Thursday, September 16, 2010

Changing the world one bike at a time...

Kristof has a honest and poignant column in the New York Times about World Bicycle Relief that is an organization dedicated to disseminating bicycles to regions where access to easy, affordable transportation can open new doors in the lives of people residing there. I am really impressed by the thoroughness of the organization in thinking about how to make sustainable bicycles that will survive the elements. In our highly optimized and specialized lives we create societies that function only on the "happy path". They also think not only about distributing bicycles, but creating infrastructure to service the bikes as well. This is truly about building to last.

It's great that some of the supporters of this project are SRAM, and American manufacturer of bicycle components. I'll be honest, I'm mostly a Shimano guy because that's what came with my bike, but it's good to see that we are still trying to build in this country.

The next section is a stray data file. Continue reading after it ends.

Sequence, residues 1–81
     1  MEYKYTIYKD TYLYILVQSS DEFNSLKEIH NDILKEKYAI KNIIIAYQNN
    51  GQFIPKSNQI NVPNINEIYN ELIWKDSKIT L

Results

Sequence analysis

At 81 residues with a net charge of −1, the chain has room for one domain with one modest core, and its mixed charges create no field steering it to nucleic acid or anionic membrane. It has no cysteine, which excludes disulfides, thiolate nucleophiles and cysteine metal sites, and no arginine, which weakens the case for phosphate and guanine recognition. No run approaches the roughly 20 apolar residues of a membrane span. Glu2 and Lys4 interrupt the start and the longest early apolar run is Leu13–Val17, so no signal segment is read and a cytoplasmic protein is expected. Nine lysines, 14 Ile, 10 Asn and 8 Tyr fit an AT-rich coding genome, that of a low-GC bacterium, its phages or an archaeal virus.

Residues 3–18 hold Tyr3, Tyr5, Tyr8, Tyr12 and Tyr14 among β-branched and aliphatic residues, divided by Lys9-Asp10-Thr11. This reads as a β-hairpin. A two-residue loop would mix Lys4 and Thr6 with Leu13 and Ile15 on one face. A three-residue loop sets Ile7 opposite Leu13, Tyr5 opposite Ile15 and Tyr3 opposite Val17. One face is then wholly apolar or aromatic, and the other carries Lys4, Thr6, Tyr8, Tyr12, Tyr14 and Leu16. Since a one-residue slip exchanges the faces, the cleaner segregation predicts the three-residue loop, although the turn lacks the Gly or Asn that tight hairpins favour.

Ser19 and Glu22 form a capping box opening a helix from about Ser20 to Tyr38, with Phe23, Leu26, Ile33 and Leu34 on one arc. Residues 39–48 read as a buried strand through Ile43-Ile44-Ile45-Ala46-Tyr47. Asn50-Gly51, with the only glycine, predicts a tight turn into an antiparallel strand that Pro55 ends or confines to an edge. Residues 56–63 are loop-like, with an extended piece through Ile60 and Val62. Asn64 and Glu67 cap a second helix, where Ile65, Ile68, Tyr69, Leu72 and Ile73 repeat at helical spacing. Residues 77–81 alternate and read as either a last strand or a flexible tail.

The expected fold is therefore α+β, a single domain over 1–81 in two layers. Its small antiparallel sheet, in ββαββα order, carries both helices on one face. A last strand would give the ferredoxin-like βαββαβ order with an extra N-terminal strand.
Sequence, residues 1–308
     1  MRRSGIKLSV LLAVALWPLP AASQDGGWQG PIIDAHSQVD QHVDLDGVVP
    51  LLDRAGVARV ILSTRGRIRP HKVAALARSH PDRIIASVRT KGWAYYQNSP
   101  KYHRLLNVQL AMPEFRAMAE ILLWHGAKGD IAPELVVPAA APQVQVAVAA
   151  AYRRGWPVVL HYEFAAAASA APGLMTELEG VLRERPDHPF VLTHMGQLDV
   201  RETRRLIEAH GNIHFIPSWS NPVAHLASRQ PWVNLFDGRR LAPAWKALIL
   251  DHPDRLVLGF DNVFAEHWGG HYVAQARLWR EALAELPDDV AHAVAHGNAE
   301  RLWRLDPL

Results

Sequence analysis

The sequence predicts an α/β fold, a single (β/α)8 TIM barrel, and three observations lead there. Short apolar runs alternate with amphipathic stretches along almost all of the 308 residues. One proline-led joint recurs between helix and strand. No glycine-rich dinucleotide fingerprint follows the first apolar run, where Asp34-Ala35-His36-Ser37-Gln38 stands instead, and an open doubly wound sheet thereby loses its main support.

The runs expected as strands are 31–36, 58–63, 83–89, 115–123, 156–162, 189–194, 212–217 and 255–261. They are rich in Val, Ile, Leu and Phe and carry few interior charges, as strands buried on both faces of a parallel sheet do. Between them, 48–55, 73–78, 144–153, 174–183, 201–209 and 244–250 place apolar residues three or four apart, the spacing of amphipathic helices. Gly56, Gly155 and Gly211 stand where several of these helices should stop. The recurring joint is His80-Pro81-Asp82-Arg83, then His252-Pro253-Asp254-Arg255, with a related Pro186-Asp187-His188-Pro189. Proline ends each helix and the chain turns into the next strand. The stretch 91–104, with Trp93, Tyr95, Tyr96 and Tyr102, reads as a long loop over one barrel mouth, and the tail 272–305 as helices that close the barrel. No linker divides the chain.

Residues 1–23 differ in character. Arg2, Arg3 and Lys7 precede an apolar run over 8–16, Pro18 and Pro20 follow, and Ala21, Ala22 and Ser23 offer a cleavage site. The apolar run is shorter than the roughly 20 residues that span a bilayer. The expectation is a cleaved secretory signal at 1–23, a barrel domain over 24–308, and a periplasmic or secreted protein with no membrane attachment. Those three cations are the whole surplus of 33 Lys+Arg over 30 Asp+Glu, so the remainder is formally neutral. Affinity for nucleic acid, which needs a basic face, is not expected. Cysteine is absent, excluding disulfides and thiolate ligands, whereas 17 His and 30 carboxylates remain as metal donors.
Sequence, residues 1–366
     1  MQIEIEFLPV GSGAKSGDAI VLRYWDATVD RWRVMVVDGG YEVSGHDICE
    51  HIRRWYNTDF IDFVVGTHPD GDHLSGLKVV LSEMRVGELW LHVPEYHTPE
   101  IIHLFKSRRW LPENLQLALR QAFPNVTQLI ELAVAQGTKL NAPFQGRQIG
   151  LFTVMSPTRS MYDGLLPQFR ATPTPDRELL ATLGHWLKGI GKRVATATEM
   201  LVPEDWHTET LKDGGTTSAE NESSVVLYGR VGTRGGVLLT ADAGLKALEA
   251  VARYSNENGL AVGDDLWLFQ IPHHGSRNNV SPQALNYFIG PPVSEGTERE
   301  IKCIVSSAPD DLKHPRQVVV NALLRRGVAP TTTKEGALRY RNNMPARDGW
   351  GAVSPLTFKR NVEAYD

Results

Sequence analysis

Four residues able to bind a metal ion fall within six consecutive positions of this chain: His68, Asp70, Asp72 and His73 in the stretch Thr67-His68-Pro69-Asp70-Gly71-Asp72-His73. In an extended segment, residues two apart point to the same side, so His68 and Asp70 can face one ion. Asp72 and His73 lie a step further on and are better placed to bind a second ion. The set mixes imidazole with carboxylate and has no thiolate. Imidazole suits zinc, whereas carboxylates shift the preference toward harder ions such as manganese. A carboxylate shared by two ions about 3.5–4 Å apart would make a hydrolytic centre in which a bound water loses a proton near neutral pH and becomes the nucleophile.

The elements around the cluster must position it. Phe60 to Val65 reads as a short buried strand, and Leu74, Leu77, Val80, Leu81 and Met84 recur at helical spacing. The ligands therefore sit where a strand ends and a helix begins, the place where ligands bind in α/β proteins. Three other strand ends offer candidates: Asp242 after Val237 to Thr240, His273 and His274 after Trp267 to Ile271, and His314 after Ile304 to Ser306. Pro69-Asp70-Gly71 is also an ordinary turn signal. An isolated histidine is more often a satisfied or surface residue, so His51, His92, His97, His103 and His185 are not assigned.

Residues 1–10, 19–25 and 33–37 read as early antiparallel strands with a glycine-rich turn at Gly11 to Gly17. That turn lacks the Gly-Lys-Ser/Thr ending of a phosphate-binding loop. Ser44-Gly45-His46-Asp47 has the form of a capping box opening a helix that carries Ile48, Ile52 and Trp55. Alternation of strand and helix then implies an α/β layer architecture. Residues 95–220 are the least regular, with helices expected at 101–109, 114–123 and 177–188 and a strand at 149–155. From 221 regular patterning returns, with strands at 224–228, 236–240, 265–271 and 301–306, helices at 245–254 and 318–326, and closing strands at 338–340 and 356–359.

What can we do in our own country to build things and systems that are built to last. How do we build systems that not only live on the happy path. As I clean up my place, I have a hard time throwing things away because I know they have utility. I curse myself for picking it up in the first place, but in many cases I salvaged it from the garbage. I have a very good Just In case kind of life, but it's overwhelming. What is the sum waste of our lives that we leave behind. How much to make a buck. I have an air freshener system from two years ago that I got in my goodie bag at the Rock 'N Roll Half, it's still sealed. It didn't make my happy path, and they probably knew it. But the utility of the air freshener was not in the dispenser, but in the refills. Without the refills, it's just junk. It's a terrible dependency.

But I digress but not really, with bicycles the means of locomotion are there if the machine is working, no gas required. It's a truly humanitarian ideal. In the movie Mad Max, the fight was for gasoline, in a bicycle world it would just be Max. Max happiness.